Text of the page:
From a longer-term perspective firms’ supply chain operations can also bring significant reputational risk. The audience was asked: “what is the biggest risk to supply chain reputational risk currently?“. The most popular answer, with 50.5% of the vote, were issues around “government or corporate corruption“. 

That’s somewhat surprising given government action in North America and Europe has been focused on issues surrounding forced labor, which was cited by 29.3% of respondents. During the webinars speakers discussed forced labor issues in the apparel and renewable energy sectors. In the U.S. those sectors have experienced a mixture of Withhold Release Orders and additions to the Entity List of firms which require licenses to work with U.S. firms.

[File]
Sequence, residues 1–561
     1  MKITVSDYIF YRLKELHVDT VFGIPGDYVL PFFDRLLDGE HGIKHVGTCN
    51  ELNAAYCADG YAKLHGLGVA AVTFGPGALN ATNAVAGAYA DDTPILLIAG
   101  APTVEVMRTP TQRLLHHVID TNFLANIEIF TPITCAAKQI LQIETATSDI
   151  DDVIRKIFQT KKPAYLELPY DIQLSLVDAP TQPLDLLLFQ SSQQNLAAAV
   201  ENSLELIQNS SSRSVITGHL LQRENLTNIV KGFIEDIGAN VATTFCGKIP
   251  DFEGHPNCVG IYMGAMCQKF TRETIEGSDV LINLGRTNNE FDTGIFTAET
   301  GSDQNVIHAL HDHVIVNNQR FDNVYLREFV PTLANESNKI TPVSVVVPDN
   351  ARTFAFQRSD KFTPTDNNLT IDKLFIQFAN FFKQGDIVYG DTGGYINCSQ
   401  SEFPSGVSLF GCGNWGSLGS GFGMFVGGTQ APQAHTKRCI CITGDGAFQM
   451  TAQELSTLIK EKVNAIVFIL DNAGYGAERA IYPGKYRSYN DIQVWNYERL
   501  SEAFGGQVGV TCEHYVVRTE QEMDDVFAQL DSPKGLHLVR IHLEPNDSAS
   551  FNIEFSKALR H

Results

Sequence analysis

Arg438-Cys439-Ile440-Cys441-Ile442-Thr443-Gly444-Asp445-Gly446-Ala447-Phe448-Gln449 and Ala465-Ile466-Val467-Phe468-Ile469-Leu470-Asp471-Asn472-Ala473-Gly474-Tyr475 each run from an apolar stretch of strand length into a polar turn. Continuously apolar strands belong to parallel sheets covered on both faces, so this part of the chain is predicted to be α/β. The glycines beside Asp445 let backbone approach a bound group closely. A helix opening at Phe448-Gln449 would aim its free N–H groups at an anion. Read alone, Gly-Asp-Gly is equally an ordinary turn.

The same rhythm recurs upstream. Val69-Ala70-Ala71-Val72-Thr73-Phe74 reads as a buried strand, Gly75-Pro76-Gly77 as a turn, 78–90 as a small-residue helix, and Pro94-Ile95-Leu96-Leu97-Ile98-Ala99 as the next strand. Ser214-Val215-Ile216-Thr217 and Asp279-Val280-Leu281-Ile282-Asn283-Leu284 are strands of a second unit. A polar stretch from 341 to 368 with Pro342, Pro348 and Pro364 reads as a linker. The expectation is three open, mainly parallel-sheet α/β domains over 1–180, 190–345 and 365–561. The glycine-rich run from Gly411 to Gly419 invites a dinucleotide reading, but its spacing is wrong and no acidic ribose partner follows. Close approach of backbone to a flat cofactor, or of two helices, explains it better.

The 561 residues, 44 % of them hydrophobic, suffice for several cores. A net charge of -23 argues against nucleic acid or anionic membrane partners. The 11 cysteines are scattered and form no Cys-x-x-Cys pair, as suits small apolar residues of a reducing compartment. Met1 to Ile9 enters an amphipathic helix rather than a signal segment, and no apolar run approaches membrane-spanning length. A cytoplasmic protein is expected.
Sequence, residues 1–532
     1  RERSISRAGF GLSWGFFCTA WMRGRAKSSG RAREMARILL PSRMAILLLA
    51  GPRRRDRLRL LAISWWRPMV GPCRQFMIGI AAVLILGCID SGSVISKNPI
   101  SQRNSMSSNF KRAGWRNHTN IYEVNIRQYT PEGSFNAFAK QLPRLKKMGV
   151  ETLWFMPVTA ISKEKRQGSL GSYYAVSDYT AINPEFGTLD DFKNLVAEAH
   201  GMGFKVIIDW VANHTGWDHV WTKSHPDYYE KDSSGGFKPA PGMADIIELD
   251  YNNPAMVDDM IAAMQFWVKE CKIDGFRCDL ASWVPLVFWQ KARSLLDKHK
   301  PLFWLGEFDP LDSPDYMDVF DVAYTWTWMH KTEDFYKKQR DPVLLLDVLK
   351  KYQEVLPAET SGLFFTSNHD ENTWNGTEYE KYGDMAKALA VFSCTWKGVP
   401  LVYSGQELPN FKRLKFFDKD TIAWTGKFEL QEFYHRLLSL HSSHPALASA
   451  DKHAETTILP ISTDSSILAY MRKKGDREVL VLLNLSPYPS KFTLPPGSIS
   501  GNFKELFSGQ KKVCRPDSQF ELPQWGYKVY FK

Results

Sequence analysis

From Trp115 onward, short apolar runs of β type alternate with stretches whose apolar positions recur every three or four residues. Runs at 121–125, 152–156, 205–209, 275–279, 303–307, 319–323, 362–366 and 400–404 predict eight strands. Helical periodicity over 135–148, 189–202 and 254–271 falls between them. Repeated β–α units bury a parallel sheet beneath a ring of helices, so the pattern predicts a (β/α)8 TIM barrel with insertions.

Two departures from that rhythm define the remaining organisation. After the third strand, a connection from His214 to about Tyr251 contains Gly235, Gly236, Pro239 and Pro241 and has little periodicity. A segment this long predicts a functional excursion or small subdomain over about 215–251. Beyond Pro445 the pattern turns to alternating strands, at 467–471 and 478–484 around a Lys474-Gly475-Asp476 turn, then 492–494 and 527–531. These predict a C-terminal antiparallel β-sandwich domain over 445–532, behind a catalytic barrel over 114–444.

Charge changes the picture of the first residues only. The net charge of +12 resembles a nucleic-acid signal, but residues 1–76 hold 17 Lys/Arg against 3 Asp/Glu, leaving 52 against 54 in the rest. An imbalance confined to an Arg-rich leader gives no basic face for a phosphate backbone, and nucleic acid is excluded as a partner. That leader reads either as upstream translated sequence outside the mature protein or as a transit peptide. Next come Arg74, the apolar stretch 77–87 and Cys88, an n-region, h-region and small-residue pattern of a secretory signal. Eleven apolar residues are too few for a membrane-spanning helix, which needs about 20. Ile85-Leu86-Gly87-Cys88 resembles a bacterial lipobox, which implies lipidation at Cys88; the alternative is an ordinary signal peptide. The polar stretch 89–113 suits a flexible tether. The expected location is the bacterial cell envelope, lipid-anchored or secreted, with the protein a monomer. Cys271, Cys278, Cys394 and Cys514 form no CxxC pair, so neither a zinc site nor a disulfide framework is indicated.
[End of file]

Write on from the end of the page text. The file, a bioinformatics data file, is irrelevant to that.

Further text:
Corruption the leading reputational risk

Chart shows results of poll held on July 14 webinar “Politics & Policy: Global Trade, Supply Chain Disruptions & Risk”. Source: Panjiva

Poll: What are the biggest supply chain related threats to national security

Zooming out from corporate activity, the third poll of the audience which asked: “what are the biggest supply chain related threats to national security?“. The most popular answer by far was “over-exposure to critical supplies from hostile states” with 69.8% of replies. 

The hostile state challenge is at the heart of the Biden administration’s recently completed critical supply chain review which will spawn more detailed policies for strategic minerals, large capacity batteries, semiconductors and pharmaceutical ingredients. A wider review of strategic supply chains is also underway but may not yield results during 2021.

Exposure matters more than hostile states’ actions

Chart shows results of poll held on July 14 webinar “Politics & Policy: Global Trade, Supply Chain Disruptions & Risk”. Source: Panjiva